server.js

const typeDefs = `
  type Query {
    user: User! # Must be of our custom type, User
  }

  type User {
    name: String!
    age: Int!
    friends: [String]!
  }
`;

And over in our resolver we can just pass back an object with our data.

const resolvers = {
  Query: {
    user(){
      return {
        name: 'Chomp',
        age: 47,
        friends: ['Alli', 'Jaws']
      };
    }
  }
};

Data Setup

In a real-world scenario we wouldn’t be returning all of our data in the resolvers like this, but actually getting it from some other source like a database. Instead of worrying about a backend we’re just going to set up some dummy data to use.

const users = [
  {
    name: 'Chomp',
    age: 47,
    friends: ['Alli', 'Jaws']
  },{
    name: 'Alli',
    age: 16,
    friends: ['Chomp', 'Jaws']
  },{
    name: 'Jaws',
    age: 35,
    friends: ['Alli', 'Chomp']
  },
];

Since we’re just going to get the whole array of users, we’ll tell typeDefs we want an array of type User and the resolver will just return the whole users array.

const typeDefs = `
 type Query {
    user: [User!]! 
  }

  type User {
    name: String!
    age: Int!
    friends: [String]!
  }
`;

const resolvers = {
  Query: {
    user(){
      return users;
    }
  }
};

Arguments

Right now our only options are to return one specific piece of data, everything. What if we want to filter the response down to what we want?

We can do that by setting up arguments in our query and using them in conditional statements in the resolver. Our arguments must also be typed.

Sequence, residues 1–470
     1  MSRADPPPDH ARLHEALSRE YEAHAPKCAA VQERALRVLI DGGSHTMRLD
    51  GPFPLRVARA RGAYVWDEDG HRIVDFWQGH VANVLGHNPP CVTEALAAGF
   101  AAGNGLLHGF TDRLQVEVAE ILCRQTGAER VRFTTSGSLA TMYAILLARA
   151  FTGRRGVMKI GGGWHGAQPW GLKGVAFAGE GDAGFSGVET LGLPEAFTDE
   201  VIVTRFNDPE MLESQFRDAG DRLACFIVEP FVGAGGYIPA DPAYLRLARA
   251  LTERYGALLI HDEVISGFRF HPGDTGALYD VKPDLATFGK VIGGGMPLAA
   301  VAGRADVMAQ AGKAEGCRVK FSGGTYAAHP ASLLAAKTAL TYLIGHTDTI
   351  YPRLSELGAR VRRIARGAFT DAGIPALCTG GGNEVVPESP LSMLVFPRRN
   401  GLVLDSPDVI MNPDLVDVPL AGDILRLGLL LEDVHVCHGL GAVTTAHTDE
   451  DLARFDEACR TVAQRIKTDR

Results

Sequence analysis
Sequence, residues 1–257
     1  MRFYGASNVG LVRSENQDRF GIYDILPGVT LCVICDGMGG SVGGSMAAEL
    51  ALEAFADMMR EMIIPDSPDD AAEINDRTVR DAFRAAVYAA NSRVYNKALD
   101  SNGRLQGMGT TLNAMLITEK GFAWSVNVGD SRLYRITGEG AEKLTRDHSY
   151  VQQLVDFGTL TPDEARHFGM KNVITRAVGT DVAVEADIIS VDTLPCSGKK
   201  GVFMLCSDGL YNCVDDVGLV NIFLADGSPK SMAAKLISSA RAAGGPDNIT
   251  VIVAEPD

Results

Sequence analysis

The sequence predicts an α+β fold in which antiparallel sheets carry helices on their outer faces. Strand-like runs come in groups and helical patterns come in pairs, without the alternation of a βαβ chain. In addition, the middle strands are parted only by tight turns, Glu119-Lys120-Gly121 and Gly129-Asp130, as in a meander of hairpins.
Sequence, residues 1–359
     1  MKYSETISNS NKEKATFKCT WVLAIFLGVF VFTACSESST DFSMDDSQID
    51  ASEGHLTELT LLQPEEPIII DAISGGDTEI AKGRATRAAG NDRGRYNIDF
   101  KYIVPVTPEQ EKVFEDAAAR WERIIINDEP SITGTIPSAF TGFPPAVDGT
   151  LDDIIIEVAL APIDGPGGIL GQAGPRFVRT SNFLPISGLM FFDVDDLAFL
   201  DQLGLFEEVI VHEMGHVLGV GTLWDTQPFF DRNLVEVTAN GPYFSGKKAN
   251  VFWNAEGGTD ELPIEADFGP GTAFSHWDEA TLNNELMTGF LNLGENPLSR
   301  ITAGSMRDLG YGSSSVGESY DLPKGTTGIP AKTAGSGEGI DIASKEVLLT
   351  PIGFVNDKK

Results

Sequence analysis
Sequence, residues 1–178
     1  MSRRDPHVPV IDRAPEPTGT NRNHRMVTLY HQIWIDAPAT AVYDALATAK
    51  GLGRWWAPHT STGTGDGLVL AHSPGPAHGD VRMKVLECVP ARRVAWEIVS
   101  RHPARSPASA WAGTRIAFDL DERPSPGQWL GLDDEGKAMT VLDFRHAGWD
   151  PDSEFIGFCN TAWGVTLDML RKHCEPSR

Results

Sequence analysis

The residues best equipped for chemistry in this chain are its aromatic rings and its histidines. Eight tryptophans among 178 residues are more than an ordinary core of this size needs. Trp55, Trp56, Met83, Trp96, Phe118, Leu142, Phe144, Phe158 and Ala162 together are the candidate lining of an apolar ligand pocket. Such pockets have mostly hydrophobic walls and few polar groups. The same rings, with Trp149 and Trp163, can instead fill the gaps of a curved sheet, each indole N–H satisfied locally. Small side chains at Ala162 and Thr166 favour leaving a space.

const typeDefs = `
 type Query {
    user(name: String!): [User!]! 
  }
`;

In our resolvers we have access to some very useful objects that GraphQl gives us. For now all we need are parent and args.

  • parent: Info on the parent element when you have nested custom types. So if we had a User type which accessed a Post type, each post would have access to the data on the user.
  • args: All of our arguments passed into the query.
  • ctx: Short for context, anything that the query made may need like authentication data.
  • info: Information about the state of the query.

Here, we’re going to check if there’s any argument at all on args and, if there is, use JavaScript’s filter() to return only the users whose name matches our argument.

server.js

const resolvers = {
  Query: {
    user(parent, args, ctx, info){
      if (!args.name) return users;

      else return users.filter(user => {
        return user.name.toLowerCase().includes(args.name.toLowerCase());
      });
    }
  }
};

Over in localhost:4000 we can make use of our argument like this:

{
  user(name: "alli") {
    name
    friends
  }
}

Relational Data

To allow more nested data we can add our custom types into other custom types. When we do that, we need to add another resolver outside of Query for that type of data.

We’re going to make it so whenever we get a user we can get back the user data for each of their friends.

server.js

Our resolver is going to create an empty object, loop over each friend on parent to put every matching user into the friends array, and return friends to our query.

const typeDefs = `
 type Query {
    user(name: String!): [User!]!
  }

  type User {
    name: String!
    age: Int!
    friends: [User!]!
  }
`;

const resolvers {
  Query: { ... },
  User: { // The nested type that we're querying for
    friends(parent, args, ctx, info) { 
        const friends = [];

        parent.friends.forEach(friend => users.filter(user => {
          if (user.name.toLowerCase().includes(friend.toLowerCase())) friends.push(user);
        }));

        return friends;
    }
  }
};

Conclusion

While there’s still much more to explore with GraphQL, I hope this worked as a thorough enough introduction to setting up our own API.

If you had any difficulty getting our example to work properly you can always reference this repo for it.